Of course, the hawkish lobbyists for the pharmaceutical industry were fast to get their talons into the new government. Fanciful threats of a recession outweighed scientific reason, and the Royal Commission was swiftly canned. The Home Secretary Caroline Flint admitted the government, ‘Has not commissioned or evaluated any formal research on the efficacy of animal experiments and has no plans to do so.’
And so, Stop Huntingdon Animal Cruelty was formed to close HLS. Those same lobbyists pulled the same strings, and just like New Labour’s pledge, we too found ourselves torn apart and discarded, out of sight and out of mind. With many of us wrongfully languishing in jail, the violent state response all but eradicated the British anti-vivisection movement. But in 2021, another government made another promise. As footage emerged from the UK’s only breeding facility for dogs used in animal research (MBR Acres), Priti Patel announced plans to review the industry.
As before, the promise was swiftly side-lined, with the government confirming that they never intend to explore the scientific value of animal research. Perhaps the only field of ‘science’ exempt from the rigorous scrutiny and testing which moves knowledge, and society, forward.
A smorgasbord of protest groups emerged, all pushing for the same thing as SHAC. An end to facilities such as MBR Acres and an end to animal testing altogether. As it happens, 2022 marks another significant anniversary for me. Twenty years ago, I climbed over the razor wire at MBR Acres (then under different ownership with another name). What I saw haunts me to this day. Dogs living in their own excrement, visibly terrified to see a human face. One was so traumatised she had tried to chew her way out through the metal bars; her teeth destroyed and little more than bloody stumps. I sat with those dogs for two hours, giving them the only affection they would ever feel as tears streamed down my face. It didn’t occur to me at the time that I would be the last person to climb that fence. Yet until this week I was. Early on Monday morning, a group of activists from the Animal Freedom Movement gained entry to MBR Acres and liberated five puppies. Police arrested nine activists on the site, but three chose to hand themselves in later when the puppies were far away and safe.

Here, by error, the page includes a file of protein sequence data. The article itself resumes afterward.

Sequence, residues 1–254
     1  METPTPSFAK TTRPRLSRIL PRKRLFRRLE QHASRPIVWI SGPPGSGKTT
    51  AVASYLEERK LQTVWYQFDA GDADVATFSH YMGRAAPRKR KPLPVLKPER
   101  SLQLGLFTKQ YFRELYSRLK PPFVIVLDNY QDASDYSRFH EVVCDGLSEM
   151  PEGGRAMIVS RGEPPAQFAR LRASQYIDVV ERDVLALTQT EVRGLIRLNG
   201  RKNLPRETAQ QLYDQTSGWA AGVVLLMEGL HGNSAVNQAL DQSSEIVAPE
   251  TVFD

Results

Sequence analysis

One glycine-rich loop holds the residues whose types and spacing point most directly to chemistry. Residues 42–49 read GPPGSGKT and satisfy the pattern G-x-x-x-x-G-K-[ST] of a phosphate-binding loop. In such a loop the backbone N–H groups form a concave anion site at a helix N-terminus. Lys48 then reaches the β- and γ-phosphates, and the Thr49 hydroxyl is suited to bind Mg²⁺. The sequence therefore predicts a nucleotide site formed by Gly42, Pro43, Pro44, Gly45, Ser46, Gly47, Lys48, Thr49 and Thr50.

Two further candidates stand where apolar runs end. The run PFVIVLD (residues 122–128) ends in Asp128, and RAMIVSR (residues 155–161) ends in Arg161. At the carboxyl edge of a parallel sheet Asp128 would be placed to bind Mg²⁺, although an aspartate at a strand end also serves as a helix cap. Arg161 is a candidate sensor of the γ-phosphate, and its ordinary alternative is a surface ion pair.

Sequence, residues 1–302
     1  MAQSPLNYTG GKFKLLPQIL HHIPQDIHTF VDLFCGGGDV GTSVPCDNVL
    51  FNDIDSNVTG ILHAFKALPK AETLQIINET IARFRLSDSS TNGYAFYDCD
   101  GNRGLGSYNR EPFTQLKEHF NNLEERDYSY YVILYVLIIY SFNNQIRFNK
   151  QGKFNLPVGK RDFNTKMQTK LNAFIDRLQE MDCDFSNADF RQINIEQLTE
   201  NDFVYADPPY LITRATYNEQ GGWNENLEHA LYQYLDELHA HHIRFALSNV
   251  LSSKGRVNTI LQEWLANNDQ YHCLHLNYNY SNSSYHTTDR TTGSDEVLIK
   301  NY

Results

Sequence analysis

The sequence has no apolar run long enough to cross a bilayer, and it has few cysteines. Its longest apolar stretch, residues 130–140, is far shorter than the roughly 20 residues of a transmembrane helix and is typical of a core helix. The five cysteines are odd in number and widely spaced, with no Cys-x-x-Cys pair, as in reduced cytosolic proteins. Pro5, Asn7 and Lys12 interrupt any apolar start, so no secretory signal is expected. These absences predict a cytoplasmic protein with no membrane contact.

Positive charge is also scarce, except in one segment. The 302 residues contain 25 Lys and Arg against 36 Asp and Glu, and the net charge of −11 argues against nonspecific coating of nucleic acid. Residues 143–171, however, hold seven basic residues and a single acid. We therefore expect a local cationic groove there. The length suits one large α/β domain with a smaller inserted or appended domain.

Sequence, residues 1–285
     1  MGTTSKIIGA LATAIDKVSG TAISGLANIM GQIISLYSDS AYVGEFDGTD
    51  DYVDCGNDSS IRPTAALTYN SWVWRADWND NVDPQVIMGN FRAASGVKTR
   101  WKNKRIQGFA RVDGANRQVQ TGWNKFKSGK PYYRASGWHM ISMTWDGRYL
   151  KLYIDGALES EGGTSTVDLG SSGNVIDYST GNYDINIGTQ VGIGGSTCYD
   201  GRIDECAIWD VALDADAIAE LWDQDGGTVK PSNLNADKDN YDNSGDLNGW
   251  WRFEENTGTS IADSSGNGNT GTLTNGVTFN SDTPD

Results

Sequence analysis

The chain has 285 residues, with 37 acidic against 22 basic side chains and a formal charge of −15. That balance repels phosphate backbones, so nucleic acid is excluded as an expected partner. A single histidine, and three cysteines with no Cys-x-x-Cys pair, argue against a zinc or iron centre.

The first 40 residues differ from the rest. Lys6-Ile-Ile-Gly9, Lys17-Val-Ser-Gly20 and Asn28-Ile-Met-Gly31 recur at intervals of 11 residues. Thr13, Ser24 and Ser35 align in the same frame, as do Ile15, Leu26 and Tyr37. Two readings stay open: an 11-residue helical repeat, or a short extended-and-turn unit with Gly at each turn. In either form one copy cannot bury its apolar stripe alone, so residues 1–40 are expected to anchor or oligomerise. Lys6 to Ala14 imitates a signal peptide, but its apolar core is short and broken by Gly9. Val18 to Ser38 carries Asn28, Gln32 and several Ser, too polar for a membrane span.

Their motivation is not to put themselves on trial, but the legitimacy of animal research. Where successive governments have refused to review whether there is any ethical argument for animal testing or whether it even contributes anything meaningful to society, these activists are forcing their hand. To determine whether their daring rescue was unlawful, a jury must first decide whether MBR Acres had any justifiable cause for breeding, imprisoning, and exploiting these dogs in the first place. To do so, MBR must prove the unprovable and risk beginning the final collapse of their entire sordid industry. When faced with overwhelming scientific evidence and the weight of their own conscience, surely no juror could convict these brave pioneers of history. And if a jury decides that animal research has no legitimacy and that any compassionate citizen is justified in rescuing animals from laboratories and their breeders, will we finally get that independent review of the industry? Or will it decide for itself that it’s time to start closing up shop and step into the 21st Century?
However this plays out, the animal research sector has never faced stakes as high as these.